Obituary of William John Tomka
William John Tomka, 104, of Jacksonville died peacefully on September 7, 2022 moving happily from the’ hugs of the family to the arms of God. His wife, Olga was waiting for him there and the Welcome Home Party was filled with music and singing.
Left to honor him are son John Tomka and wife Patty, daughter Carolyn Vallese and husband Joseph, daughter Barbara Stroever and husband Craig along with grandchildren, Derek, Ryan, Justin, Jessica, Chrissa, Lee, Chase, and Reed, spouses, and ten great grandchildren.
Born in Dover, New Jersey, to Slovakian immigrant parents John and Anna Tomka, William spent his formative years working alongside his father and his mother running their General Store. During the Great Depression, William fondly remembered his parents for their generosity: giving food to starving families. In high school, teenage William lifted weights, developed a love of music, and learned German, a skillset that would soon be in high demand. He studied music at NYU and became a music teacher, but after only one year of teaching, he was drafted into World War II on July 11, 1941. He was appointed for “one year” of service as an English/German-speaking radio operator in the United States Army.
Deployed to Iceland as part of the 50th Signal Battalion, William served as a technical sergeant and led a group of eight radio operators. His team – responsible for code receiving and transmitting from the field – was part of the first American Army personnel to be sent in the European Theater of Operations.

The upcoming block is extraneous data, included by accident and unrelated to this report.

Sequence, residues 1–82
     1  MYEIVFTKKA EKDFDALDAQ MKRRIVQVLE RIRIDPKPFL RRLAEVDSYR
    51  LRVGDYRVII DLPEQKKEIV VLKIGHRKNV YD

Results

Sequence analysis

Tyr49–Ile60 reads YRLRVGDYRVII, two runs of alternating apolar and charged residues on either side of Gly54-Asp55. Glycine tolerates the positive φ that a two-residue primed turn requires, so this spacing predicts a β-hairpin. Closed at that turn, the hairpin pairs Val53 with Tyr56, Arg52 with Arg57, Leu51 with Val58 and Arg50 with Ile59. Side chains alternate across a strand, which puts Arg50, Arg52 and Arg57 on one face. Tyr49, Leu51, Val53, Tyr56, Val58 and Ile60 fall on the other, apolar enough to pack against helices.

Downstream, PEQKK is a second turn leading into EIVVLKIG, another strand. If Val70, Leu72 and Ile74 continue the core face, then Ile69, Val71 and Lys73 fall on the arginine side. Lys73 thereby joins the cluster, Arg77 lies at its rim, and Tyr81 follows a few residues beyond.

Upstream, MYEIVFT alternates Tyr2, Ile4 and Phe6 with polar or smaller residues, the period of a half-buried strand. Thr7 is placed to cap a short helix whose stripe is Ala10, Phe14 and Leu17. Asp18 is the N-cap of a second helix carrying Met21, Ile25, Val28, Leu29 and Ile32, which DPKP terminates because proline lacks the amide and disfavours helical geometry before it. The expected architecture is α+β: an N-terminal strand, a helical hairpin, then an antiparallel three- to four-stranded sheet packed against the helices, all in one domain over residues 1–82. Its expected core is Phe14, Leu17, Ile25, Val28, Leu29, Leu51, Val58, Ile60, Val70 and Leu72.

After 22 months in Iceland, William was sent to be a part of the invasion force of France. At 6 am on D-day he lowered the back of the boat, stormed Utah Beach, then bravely fought through the entire campaign of Europe, including the American bombardment of the German forces at Saint-Lo and in the Battle of the Bulge. Decades later, he would begin to share his memories with his grandchildren. The bullets that just missed him. The Nazi captain hiding in a closet. The German motorcycle he stole. The frigid Ardennes forest in January. The bodies of Holocaust victims.
On June 22, 1945, after almost four years of war, Mr. Tomka returned to New Jersey and did the unthinkable: he lived a beautiful life. He returned to teaching, earned a master’s degree at NYU, married the girl who typed his papers, sang in numerous choirs, raised three successful children, built multiple houses as well as a successful high school music program. Beginning with only 30 band members, William Tomka grew the Ridgefield High School music program to 108 members and even performed in Venezuela in front of the Governor.
In retirement, he traveled the world with Olga, enjoyed bowling, collected rare coins, brought his grandchildren to the Jersey shore, won countless games of Rummikub, made his grandchildren laugh, watched MLB baseball, sang in choirs, wrote letters to his great grandchildren encouraging discipline and excellence, joined his church’s orchestra, and played multiple musical instruments. Even at 100 years old, he put on a “private Exhibition” for his birthday guests, expertly singing and playing the clarinet, violin, and piano.
Congress lauded him as a “true American hero.” Jacksonville honored him in Veteran’s Day parades and he was celebrated at the owner’s sky box at the Jaguars football stadium. He lived a large, colorful life!
But those closest to him will remember William Tomka as their personal role model, a man who inspires us to work hard, overcome adversity, sacrifice for others, learn with zeal, love with action, and leave behind a melody that others want to learn.
Interment is private.
Phone: 973 366-7400